My latest column at Christian Week:
The church I pastor is trying to become more outwardly focused. Sometimes it helps to learn from examples, so a group of us traveled a short distance to one of the most outwardly focused churches we know: Sanctuary Ministries in downtown Toronto.
Sanctuary is more than a church. It’s a ministry “that seeks to establish and develop holistic, inclusive and healthy community.” They live in a neighborhood that’s a little different from ours, one “plagued with homelessness, drugs, prostitution, unemployment and AIDS.” Though it’s not only a church, Sanctuary has the gospel at its core. “This Sanctuary is a gospel community at its heart, devoted to living out the good news that Jesus is God and Saviour,” their website says. “There really isn’t anything radical or new about it. It’s just simple, orthodox Christianity at work.”
We sat in a small room before Sunday night’s service talking to the Executive Director, Greg Paul. As we talked, we noticed that our language didn’t match up. We talked about Sanctuary as a mission; Greg talked about it as a community. We talked about targeting people; Greg talked about wanting to be with people where they are. We talked about servant leadership; Greg suggested that we’d be better off thinking more about servanthood and less about leadership.
When we come to a community with a set of services, Greg explained, there’s a power dynamic at work. We serve; they receive. They remain disempowered. When we go into a neighborhood, spend time with them, listen to them, and allow them to serve us, we become servants, and the power imbalance disappears. The challenge is to find who the poorest people are in the neighborhood, and to discover how we can be with them. Stop looking for programmatic answers, Greg told us. Go to people and listen to who they are, where they are.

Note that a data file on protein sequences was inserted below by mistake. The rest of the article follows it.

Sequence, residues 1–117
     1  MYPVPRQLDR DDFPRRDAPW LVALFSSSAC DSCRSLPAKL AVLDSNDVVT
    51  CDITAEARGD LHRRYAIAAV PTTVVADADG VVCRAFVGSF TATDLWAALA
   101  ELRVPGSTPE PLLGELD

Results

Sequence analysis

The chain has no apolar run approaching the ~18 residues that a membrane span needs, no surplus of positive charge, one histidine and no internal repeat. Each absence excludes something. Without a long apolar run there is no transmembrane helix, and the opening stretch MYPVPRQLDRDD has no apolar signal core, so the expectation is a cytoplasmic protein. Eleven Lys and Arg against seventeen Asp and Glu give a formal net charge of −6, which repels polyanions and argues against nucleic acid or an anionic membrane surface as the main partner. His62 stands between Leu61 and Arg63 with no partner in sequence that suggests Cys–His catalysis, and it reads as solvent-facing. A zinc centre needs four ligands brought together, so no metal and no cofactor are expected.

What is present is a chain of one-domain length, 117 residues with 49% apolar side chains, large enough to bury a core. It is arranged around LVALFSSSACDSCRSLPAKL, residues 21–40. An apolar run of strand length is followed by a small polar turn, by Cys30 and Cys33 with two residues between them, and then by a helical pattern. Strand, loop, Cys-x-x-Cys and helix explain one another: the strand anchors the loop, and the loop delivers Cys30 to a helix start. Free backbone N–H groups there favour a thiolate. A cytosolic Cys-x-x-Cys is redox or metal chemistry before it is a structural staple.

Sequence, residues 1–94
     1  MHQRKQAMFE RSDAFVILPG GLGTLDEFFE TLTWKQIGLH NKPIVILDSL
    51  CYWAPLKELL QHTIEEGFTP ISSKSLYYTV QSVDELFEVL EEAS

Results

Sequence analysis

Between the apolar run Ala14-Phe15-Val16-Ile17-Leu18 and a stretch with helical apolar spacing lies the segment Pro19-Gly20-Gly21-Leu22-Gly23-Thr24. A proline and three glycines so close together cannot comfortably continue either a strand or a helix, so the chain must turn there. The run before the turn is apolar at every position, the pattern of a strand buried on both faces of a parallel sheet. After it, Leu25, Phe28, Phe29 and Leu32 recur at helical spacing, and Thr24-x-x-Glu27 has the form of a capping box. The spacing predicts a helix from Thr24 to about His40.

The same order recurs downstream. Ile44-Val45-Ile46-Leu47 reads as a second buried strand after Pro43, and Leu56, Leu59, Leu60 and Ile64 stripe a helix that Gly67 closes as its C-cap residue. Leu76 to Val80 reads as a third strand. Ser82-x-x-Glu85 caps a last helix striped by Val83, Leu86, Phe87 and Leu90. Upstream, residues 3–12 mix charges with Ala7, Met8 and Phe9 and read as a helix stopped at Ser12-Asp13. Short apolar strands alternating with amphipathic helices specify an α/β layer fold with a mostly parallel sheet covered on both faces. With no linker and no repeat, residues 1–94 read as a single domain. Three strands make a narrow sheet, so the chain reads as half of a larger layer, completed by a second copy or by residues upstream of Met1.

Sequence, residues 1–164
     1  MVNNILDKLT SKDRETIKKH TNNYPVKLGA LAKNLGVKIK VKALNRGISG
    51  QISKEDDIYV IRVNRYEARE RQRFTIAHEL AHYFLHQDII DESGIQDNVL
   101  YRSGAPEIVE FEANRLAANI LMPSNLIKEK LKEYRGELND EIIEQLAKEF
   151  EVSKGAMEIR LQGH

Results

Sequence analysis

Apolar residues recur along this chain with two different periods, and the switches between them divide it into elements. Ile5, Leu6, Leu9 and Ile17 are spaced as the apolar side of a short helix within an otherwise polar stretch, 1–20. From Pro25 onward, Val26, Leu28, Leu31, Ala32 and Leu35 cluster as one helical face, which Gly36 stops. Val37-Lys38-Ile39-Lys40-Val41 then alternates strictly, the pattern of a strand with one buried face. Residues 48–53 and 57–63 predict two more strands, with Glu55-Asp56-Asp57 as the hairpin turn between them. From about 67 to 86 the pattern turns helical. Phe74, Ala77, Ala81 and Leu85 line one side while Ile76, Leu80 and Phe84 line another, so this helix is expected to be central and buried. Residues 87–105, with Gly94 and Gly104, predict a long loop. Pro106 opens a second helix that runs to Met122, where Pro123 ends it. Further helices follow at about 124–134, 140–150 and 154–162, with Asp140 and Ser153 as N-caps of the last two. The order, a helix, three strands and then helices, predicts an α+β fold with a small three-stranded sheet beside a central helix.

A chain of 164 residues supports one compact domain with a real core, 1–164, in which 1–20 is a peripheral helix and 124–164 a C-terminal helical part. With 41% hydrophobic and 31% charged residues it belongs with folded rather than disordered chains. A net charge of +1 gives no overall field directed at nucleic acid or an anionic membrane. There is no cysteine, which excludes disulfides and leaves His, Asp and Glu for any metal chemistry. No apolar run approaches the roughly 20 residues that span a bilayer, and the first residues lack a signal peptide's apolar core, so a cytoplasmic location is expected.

Greg talked about lessons he’d learned: about becoming a church of the poor, rather than a church that only served the poor; of learning early on that he had to shut up and do more listening than talking; of getting past the idea that church is only a service on Sunday; of connecting with those who are broken by being vulnerable about our own brokenness. Does he know of any traditional churches that have succeeded in becoming outwardly focused? Not many, Greg said, but he couldn’t think of many churches that had tried.
It was time for the community to gather for worship, prayer, and learning. Music was homegrown. Those gathered called out the songs they wanted to sing; we sang home-grown blues songs to a band with bass, congas, and a B3 Hammond organ. Those who were gathered stood to read Scriptures they had picked. A man stood and talked about how Jesus had helped him become free, mostly, from his addiction to drugs and alcohol. A man stood up and broke the loaf, said that nobody could put it together again. Jesus came to restore what is broken, but then we broke him. God put him back together again on Easter, and he now lives to restore those of us who were broken. We came and ate the bread and drank the cup as we sang out Jesus. Then a break with sandwiches, cake, and coffee, and then we were taught about the armor of God.
The service was raw, less structured, more authentic than anything we were used to. Last year, a skeptic attended a service here and said, “Amidst all the pomp and circumstance of the Christian world out there, here lies a simple, honest place that really means it.”
We were getting ready to leave, and Greg asked to see us. It would be a mistake, he said, to look at Sanctuary and focus on the style of music, their methods, or his leadership. Sanctuary isn’t about that, he said. It’s about becoming a church of people who are broken, welcoming the poor and needy, and giving them a voice. It’s becoming a safe community for everyone, where they can meet Jesus.
I left thinking not about Greg or Sanctuary, but about the ultimate servant, the friend of sinners. I think we saw him that night.